Warming up: does stretching actually hinder sports performance?
Sport science research suggests stretching hampers performance
It is commonly believed that the warm-up and stretching before a workout will reduce the risk of injury and (but see Professor Sharp's letter earlier in this issue) help the athlete to perform better during training and competition. But what if stretching prior to strength and power events actually results in reduced performance?
Researchers at Appalachian State University in the US carried out a review of available literature in an attempt to establish what effects a bout of stretching has on sporting performance (Schilling, BK & Stone, MH (2000). 'Stretching: acute effects on strength and performance.' Strength & Conditioning Journal, vol 22, no 1, pp 44-47). The results make interesting reading for support staff and athletes working or competing in strength and power events. Initial studies examined strength in the lower extremities using isokinetic dynamometers. These studies found that strength was not impaired by bouts of stretching, warm-ups or massage. However, Schilling and Stone point out that the speed of movements typically seen during actual sporting events are considerably higher than velocities produced by isokinetic dynamometers, calling into question the applicability of the research to actual athletic events.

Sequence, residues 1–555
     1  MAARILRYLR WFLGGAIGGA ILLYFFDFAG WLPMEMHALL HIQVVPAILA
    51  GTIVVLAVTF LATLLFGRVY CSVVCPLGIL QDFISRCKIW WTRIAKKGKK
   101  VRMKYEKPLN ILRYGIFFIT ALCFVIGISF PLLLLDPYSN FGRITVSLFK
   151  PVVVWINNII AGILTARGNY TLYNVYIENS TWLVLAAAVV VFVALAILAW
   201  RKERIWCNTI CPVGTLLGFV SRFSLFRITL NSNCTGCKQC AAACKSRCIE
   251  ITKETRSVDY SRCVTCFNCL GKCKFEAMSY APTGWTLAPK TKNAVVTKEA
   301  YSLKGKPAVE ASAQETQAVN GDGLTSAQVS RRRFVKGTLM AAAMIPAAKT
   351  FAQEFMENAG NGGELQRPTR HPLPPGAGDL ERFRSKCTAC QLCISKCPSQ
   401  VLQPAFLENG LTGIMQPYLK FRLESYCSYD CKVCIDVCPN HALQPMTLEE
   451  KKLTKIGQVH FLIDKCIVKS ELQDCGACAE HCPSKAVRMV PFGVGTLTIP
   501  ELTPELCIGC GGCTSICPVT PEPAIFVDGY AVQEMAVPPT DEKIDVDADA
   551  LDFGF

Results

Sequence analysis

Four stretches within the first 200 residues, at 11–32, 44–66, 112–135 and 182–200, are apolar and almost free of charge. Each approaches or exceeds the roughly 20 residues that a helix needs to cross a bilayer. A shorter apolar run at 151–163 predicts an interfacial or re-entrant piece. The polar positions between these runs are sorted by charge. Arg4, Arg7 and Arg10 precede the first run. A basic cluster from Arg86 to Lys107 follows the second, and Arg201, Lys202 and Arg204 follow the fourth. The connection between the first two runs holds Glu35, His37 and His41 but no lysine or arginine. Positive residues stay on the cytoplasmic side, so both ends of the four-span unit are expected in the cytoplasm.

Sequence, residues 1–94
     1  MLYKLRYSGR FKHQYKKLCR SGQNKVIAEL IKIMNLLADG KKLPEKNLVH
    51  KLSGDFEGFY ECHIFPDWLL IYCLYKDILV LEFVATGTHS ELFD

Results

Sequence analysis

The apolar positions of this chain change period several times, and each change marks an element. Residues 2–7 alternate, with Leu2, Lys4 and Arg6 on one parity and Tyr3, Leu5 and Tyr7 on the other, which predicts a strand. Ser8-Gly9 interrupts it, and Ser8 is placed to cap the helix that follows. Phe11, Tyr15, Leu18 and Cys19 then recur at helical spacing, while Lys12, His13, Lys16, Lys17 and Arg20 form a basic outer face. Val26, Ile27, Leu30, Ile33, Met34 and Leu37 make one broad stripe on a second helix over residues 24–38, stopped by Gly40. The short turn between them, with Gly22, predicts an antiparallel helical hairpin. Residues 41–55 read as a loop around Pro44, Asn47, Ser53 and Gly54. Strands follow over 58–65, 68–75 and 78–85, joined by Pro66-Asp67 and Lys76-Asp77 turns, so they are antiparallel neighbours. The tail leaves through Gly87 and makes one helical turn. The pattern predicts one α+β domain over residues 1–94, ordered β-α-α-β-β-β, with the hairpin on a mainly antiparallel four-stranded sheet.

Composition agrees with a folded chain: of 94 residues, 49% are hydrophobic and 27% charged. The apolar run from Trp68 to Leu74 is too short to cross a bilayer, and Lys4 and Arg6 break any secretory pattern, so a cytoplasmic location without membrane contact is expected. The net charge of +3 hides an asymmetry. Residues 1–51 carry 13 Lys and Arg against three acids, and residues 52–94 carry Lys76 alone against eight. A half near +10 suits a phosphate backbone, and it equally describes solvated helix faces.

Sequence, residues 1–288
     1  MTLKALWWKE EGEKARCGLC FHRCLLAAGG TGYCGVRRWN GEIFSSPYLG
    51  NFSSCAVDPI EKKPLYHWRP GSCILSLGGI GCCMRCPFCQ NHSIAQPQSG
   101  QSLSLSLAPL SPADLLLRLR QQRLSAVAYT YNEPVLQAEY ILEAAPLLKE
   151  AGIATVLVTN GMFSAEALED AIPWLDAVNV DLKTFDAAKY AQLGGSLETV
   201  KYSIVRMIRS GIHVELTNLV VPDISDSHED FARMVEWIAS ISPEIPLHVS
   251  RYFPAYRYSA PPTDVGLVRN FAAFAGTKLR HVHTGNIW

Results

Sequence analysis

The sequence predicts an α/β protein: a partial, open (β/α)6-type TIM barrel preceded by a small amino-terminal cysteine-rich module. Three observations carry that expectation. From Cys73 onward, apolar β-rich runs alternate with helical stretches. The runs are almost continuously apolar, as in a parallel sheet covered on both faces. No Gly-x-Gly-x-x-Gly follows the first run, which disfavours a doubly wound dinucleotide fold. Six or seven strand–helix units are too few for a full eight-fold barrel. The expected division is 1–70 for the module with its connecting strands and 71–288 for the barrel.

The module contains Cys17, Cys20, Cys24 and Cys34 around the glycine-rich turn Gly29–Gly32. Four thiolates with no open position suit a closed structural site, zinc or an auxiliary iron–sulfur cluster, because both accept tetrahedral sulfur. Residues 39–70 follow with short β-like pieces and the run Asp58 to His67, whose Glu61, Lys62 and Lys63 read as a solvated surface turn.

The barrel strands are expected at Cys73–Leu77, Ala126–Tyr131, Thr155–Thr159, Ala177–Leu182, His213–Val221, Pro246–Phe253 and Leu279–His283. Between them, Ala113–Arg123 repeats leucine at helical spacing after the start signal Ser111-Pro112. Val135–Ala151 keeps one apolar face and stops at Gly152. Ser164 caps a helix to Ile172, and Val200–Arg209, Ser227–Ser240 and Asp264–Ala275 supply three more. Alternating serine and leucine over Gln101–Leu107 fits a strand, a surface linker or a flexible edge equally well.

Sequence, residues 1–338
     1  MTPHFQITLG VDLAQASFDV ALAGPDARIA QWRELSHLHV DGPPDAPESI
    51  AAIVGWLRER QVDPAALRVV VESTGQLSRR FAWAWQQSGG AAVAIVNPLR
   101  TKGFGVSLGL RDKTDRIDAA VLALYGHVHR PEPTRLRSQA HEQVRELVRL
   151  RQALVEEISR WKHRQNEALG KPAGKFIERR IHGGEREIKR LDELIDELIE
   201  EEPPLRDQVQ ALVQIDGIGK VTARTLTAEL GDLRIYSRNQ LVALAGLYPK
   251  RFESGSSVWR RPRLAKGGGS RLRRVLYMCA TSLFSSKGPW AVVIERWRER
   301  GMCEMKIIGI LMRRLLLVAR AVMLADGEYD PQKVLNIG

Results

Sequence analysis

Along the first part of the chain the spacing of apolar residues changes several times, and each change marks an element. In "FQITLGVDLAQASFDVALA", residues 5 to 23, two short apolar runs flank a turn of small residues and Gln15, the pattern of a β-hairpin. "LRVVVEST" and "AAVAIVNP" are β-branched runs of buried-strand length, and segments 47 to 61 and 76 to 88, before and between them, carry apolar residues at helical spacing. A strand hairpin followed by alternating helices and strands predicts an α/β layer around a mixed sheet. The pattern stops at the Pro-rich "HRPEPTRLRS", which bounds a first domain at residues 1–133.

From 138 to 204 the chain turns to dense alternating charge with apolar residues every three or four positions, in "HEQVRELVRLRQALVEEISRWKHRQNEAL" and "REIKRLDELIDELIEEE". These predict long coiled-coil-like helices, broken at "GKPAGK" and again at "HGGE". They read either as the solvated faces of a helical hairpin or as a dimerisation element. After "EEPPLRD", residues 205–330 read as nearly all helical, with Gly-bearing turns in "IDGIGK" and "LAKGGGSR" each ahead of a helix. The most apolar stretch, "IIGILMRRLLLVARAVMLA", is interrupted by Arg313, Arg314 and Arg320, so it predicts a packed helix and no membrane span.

The research team then went on to review two more studies that examined the effects of acute stretching on movements typically encountered by athletes during competition and training. The first study examined the effect of stretching knee and hip extensors on jump performance. Following a bout of stretching, both static and counter-movement jump heights were decreased, a serious problem for budding basketball players or high jumpers. The second study demonstrated that a bout of stretching reduced mean strength in the leg muscles when performing 1 RM leg extensions and curls, which is not good news for athletes who spend a lot of their training developing strength and power in the gym.
The researchers at ASU concluded that current findings suggest that acute stretching may have a detrimental effect on subsequent strength and power performance. As a guide, athletes may consider performing pre-exercise stretching at least 20 minutes before the event, although more research is needed before definite training recommendations can be established.
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